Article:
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Automobiles Peugeot and its official local distributor Nasim recently rolled out the brand’s first-ever defensive driving programme in Malaysia. Dubbed Peugeot Driving Performance (PDP), the event was the first of its kind for the French carmaker – not just in Malaysia, but globally as well.

Held at Malaysia Agro Exposition Park Serdang (MAEPS), it was open to Peugeot owners in Malaysia. Sixty participants took up the available slots – all within 10 days of its initial announcement.

“By creating a controlled environment, we are helping Peugeot owners unlock the full potential of their vehicles. They will be able to push their cars to the limit while experiencing the safety features of the car,” said Nasim CEO Dato Samson Anand George of the event.

The debut programme focussed on defensive driving techniques, as well as safe driving habits. The initial theory session of the event was handled by none other than our own Harvinder Singh, covering both preventive and reactive safety tips – the former to avoid accidents in the first place, the latter in case of emergencies.

Often overlooked by drivers, sitting the right way – backrest in an upright position and close enough to the steering wheel without having to stretch your arms – is absolutely vital to car control. An ideal driving position allows you to be more aware of your surroundings, and more ready to react if necessary.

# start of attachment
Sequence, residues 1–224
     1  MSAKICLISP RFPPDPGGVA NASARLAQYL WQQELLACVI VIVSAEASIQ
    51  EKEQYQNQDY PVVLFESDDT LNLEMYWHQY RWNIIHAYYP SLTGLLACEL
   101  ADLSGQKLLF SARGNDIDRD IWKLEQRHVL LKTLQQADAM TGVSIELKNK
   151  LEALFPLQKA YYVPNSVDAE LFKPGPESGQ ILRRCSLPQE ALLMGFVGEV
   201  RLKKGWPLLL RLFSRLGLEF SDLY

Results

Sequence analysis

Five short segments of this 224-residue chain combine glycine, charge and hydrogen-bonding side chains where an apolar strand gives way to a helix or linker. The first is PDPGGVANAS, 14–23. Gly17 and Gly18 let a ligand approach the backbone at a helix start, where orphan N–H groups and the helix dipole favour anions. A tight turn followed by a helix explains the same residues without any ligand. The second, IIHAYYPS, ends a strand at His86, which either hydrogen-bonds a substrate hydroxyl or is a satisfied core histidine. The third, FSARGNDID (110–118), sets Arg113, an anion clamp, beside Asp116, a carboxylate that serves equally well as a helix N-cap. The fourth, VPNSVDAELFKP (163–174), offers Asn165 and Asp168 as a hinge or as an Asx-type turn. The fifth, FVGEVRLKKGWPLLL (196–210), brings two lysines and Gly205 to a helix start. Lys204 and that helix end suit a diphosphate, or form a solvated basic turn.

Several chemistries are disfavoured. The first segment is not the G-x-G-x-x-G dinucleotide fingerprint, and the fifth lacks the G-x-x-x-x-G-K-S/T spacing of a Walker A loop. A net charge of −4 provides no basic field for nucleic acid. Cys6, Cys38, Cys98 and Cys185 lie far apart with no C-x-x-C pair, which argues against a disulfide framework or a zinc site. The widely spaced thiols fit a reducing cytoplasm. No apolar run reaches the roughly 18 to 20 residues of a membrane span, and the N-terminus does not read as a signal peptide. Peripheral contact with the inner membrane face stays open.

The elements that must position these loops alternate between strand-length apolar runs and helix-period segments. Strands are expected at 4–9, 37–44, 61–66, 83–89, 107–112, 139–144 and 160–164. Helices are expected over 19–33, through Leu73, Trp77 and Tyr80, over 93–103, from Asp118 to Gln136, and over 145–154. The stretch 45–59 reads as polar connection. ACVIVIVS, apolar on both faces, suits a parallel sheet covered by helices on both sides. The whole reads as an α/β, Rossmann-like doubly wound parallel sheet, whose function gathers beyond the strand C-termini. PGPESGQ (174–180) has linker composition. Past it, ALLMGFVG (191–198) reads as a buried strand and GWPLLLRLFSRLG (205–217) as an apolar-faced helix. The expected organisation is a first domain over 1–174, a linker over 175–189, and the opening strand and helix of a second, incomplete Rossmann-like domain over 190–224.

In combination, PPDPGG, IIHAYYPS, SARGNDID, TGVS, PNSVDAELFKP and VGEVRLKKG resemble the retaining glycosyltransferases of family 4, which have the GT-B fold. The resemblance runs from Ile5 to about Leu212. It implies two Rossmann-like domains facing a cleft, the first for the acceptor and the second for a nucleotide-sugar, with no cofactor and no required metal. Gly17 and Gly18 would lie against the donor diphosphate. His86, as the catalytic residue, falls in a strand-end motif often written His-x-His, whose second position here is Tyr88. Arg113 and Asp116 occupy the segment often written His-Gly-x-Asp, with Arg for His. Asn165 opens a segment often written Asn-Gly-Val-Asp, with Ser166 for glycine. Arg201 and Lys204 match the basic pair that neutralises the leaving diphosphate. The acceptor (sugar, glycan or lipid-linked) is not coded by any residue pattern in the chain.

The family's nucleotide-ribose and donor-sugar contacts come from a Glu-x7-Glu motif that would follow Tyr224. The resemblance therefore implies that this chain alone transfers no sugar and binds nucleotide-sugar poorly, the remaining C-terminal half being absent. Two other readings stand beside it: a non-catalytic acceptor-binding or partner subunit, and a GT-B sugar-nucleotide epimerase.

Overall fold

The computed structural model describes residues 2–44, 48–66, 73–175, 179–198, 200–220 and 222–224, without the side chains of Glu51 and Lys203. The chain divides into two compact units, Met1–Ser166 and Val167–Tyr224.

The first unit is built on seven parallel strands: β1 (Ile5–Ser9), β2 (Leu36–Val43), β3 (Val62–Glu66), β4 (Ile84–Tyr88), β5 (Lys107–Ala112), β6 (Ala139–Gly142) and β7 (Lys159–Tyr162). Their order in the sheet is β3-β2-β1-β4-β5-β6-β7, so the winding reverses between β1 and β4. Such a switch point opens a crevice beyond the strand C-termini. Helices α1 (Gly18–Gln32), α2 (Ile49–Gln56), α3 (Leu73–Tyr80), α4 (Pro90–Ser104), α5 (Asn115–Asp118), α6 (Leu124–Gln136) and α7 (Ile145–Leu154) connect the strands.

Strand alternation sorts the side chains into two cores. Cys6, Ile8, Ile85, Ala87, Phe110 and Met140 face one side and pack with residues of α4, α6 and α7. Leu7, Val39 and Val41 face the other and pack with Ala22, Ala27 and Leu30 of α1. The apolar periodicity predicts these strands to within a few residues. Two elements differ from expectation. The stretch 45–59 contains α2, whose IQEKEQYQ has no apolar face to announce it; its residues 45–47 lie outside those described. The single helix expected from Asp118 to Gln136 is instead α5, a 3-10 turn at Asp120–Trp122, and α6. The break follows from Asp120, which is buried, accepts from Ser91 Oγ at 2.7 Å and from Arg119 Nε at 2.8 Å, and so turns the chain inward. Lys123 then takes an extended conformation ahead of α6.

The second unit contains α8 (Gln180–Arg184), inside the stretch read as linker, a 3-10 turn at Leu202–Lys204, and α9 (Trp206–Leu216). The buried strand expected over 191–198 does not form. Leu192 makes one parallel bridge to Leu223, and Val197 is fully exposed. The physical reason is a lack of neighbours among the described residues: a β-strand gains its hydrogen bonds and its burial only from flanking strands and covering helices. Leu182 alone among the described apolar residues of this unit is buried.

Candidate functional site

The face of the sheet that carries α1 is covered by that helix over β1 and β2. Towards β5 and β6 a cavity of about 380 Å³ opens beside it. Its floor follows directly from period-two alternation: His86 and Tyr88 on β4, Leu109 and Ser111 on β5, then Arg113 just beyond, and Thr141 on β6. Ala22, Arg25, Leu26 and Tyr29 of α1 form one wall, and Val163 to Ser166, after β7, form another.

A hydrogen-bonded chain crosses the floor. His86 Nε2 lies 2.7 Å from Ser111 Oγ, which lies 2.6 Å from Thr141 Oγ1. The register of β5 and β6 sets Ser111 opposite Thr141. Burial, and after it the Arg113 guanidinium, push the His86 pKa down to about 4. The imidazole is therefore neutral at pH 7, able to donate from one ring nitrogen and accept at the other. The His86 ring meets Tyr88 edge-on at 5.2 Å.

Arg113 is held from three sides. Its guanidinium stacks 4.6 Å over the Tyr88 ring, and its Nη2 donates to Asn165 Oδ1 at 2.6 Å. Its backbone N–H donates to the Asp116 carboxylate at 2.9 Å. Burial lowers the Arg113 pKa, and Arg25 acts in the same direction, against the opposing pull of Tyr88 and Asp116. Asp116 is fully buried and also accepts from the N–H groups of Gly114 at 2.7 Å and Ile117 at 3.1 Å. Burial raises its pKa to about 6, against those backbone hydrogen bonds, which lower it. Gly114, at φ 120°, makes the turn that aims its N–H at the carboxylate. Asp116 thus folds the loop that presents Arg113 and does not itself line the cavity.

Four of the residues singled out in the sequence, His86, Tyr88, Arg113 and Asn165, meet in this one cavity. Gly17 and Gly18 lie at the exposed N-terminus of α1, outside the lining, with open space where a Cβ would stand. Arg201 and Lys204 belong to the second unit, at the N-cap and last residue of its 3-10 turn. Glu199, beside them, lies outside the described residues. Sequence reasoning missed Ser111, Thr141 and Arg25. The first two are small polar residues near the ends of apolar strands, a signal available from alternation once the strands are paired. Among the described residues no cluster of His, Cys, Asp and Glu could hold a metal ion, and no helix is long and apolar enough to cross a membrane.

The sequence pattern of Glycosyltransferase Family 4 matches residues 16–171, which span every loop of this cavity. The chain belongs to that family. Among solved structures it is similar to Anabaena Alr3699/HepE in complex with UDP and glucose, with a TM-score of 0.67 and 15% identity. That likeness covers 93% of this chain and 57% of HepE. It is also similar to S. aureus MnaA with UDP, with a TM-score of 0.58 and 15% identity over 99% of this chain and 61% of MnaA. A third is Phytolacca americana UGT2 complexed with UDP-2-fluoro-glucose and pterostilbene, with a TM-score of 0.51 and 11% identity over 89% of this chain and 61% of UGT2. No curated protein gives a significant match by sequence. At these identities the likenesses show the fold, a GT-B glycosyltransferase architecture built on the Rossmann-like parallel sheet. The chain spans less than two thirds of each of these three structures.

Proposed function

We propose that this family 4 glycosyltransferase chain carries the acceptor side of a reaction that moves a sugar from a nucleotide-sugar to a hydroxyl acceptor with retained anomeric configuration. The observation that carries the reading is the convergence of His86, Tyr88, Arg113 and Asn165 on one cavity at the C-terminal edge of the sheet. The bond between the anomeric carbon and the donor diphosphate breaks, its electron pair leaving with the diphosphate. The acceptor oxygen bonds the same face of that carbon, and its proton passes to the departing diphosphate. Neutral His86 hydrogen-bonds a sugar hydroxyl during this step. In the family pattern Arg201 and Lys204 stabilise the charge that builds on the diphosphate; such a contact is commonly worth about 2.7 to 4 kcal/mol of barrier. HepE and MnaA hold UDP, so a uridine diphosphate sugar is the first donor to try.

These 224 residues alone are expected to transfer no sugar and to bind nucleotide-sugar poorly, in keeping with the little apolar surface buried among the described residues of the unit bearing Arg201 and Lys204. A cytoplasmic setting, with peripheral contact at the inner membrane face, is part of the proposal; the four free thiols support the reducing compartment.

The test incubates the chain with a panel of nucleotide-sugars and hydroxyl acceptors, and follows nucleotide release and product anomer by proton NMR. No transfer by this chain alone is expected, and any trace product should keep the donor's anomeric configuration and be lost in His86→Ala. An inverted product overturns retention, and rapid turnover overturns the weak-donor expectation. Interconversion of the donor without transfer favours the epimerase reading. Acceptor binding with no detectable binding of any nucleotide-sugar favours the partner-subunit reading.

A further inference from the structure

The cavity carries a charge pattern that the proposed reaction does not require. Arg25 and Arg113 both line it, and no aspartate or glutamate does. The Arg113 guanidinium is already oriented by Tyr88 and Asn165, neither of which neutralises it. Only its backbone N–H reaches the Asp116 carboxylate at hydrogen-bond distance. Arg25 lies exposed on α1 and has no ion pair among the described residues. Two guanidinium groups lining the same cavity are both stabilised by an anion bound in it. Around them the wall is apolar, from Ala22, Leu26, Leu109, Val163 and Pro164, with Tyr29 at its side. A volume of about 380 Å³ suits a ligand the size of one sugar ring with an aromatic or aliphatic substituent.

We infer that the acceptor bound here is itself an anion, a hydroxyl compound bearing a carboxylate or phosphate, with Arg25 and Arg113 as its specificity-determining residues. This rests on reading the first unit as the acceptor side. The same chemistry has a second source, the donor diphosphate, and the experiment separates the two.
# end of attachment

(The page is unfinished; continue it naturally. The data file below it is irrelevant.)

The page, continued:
Then, it was on to driving. A pair of Peugeot 408 Turbo sedans were provided for the understeer and oversteer course. An extremely slippery surface helped induce lurid understeer or oversteer, and the participants experimented on the do’s and don’ts of each situation.

To allow the drivers to properly experience such driving instances, one 408 had its electronic stability programme (ESP) completely disabled (involving a few pulled fuses). Just turning the ESP switch off isn’t enough, of course, as modern Peugeots are pre-programmed to re-activate the safety net if required.

The participants were then allowed a go in the other 408 (with its ESP intact), and witnessed first hand how the system reigns in mild dynamic instabilities to minimise out-of-control situations. Prevention is better than cure, as the saying goes.

Next up, a detailed slalom course. Here, the small and agile Peugeot 208 1.6 VTi was the subject of a tight and twisty trail. The objective was to highlight the importance of driving smoothly, as opposed to resorting to fast but erratic steering or throttle/braking inputs.

Smoother actions allow drivers to carry more speed through corners, without the onset of early understeer. The smoother the drivers were, the faster they’d go, while being in more control the entire time. Meanwhile, the 208’s small steering wheel made rapid direction changes easier to manage.

The final exercise was to navigate through an obstacle avoidance course. Simulating an emergency brake-and-avoid situation, participants were instructed to stomp hard on the brake pedal whilst negotiating a quick lane-change manoeuvre, relying on the Peugeot 508’s ABS and ESP safety systems to pull through – without which, the car would have ploughed on straight.

The Peugeot Driving Performance programme was overseen by a team of experienced professional driving instructors. For Peugeot owners who missed out, it is likely that Nasim will organise more rounds of PDP in 2015, so stay tuned.